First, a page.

Outreach and Teaching

I have truly enjoyed both the outreach and teaching I have participated in during my scientific career. This has become an integral part of my identity as a scientist, and I plan to continue and expand my activity in these fields as I move forward.

Outreach. Science is critical for our future and believe it or not, science is cool and fun! Sadly, this opinion is often long gone in many adults. One effective remedy for this situation is physically visiting K-12 schools and interacting with young learners. In the Moczek Lab we visit public and private K-12 schools as often as every two to three weeks. Here we teach using modules developed by my host lab. These modules are centered around core objectives of the Indiana Science Teaching Standards and focuses on concepts like ecology, development, and evolution. We practice the scientific method, refine critical thinking skills, and get our hands dirty exploring biology! See HERE for more information.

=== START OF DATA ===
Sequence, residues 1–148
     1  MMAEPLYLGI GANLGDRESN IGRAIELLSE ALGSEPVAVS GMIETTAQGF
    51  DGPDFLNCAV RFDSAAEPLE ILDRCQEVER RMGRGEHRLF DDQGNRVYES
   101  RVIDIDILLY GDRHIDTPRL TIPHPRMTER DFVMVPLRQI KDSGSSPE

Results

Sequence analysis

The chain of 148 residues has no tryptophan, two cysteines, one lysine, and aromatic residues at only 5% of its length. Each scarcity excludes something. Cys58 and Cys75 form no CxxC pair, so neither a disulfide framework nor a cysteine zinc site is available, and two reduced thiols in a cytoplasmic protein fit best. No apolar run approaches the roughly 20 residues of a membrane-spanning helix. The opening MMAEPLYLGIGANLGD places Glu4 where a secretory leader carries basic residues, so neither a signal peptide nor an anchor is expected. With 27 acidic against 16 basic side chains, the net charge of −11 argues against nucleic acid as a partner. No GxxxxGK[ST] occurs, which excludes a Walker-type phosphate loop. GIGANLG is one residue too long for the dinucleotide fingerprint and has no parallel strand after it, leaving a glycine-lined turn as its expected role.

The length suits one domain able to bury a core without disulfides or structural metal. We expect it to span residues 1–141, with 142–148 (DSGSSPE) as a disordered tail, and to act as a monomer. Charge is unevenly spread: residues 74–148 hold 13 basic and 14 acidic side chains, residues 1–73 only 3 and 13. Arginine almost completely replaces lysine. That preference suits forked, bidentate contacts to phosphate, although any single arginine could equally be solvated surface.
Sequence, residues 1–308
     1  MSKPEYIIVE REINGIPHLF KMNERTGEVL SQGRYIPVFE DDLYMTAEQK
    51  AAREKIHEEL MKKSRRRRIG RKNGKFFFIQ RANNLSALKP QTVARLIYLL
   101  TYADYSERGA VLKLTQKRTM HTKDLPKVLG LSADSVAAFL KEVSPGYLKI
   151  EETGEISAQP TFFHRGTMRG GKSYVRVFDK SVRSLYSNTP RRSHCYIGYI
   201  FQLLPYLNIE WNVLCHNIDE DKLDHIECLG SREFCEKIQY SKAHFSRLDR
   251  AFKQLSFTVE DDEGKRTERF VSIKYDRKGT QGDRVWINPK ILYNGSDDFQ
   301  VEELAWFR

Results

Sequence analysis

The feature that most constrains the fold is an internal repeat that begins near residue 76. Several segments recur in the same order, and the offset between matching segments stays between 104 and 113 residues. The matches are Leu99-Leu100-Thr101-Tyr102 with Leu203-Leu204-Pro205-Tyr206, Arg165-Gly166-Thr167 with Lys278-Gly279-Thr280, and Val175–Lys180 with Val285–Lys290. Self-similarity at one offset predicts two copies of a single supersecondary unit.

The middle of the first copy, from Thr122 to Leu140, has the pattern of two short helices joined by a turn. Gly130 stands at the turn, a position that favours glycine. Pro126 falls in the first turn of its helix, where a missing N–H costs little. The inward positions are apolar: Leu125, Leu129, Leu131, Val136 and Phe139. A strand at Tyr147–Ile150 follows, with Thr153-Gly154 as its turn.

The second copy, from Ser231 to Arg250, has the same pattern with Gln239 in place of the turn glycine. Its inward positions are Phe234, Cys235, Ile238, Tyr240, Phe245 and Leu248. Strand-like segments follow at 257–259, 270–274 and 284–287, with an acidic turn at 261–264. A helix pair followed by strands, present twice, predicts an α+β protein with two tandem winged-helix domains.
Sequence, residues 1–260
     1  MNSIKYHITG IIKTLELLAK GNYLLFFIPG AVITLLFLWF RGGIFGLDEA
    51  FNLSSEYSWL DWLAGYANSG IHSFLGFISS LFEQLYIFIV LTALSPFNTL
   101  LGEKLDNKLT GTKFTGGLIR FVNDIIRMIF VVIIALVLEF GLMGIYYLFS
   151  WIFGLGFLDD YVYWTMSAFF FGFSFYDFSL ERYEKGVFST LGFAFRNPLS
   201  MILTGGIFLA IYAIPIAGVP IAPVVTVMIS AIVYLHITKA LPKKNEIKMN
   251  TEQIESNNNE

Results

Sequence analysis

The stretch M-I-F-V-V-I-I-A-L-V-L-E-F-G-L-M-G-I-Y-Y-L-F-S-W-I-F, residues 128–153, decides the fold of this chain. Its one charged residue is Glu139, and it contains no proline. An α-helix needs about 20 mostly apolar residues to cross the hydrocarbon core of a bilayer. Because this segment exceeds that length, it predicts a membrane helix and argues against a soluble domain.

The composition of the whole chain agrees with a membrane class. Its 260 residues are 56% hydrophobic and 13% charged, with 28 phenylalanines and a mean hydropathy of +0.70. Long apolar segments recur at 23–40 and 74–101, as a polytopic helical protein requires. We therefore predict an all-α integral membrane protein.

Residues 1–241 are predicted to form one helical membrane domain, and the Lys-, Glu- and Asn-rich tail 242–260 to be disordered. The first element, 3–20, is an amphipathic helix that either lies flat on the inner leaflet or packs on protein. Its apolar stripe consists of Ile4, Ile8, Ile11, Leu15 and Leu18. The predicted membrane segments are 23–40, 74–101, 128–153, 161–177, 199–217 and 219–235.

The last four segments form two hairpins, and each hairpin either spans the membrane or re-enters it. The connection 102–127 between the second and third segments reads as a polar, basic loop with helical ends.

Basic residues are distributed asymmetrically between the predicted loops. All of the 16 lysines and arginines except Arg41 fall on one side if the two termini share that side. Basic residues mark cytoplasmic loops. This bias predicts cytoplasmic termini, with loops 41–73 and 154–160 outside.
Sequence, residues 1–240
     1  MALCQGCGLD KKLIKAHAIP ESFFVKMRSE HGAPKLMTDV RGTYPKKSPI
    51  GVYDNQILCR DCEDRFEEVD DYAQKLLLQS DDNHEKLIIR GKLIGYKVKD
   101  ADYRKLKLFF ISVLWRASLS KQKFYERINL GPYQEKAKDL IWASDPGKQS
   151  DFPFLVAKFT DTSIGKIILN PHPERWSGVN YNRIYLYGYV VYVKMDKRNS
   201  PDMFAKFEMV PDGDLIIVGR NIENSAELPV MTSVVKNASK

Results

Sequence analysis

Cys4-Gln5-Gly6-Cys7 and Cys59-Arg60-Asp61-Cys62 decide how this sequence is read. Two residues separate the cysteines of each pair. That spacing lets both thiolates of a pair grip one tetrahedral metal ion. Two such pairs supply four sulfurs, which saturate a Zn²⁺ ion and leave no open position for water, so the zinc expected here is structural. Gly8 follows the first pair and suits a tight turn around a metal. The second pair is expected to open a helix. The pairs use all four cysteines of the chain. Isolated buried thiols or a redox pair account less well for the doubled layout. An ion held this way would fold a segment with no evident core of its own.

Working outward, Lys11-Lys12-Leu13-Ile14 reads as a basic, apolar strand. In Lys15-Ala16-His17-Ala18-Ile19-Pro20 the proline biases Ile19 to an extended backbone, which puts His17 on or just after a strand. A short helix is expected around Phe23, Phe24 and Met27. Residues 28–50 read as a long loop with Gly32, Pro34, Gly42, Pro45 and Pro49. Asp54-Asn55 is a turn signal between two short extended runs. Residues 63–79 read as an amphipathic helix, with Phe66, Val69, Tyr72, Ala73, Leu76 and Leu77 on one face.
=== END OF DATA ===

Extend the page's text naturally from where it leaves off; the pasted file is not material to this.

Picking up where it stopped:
Teaching. Basic molecular biology skills are the foundation for a wide variety of research fields. Surprisingly, however, many undergraduates have little hands on molecular biology experience, and have often never lifted a pipette. But how can we teach molecular biology skills in a context that is both effective and stimulating? Enter Tribolium castaneum and RNAi. RNAi is technique where specific gene function can be knocked-down simply by injecting double stranded RNA homologous to a gene of interest. This allows a researcher to study the biological consequences when a gene of interest is non-functional. The simplicity of RNAi techniques in Tribolium make this beetle an ideal genetic system for use in a classroom. Over a period of three years, my PhD mentor (Dr. Yoshi Tomoyasu) and I have established a molecular biology course where students choose a gene they are interested in, generate dsRNA homologous to that gene, and perform RNAi in Tribolium. At the end of each semester students then disseminate their results publicly on a webpage (see here: BeetleWiki) thus providing a tool for professional researchers and other students alike. I am eager to continue implementing this course and additionally plan on incorporating other beetle species into the syllabus for additional stimulating biological tools for students to use (such as horned Onthophagus beetle species!).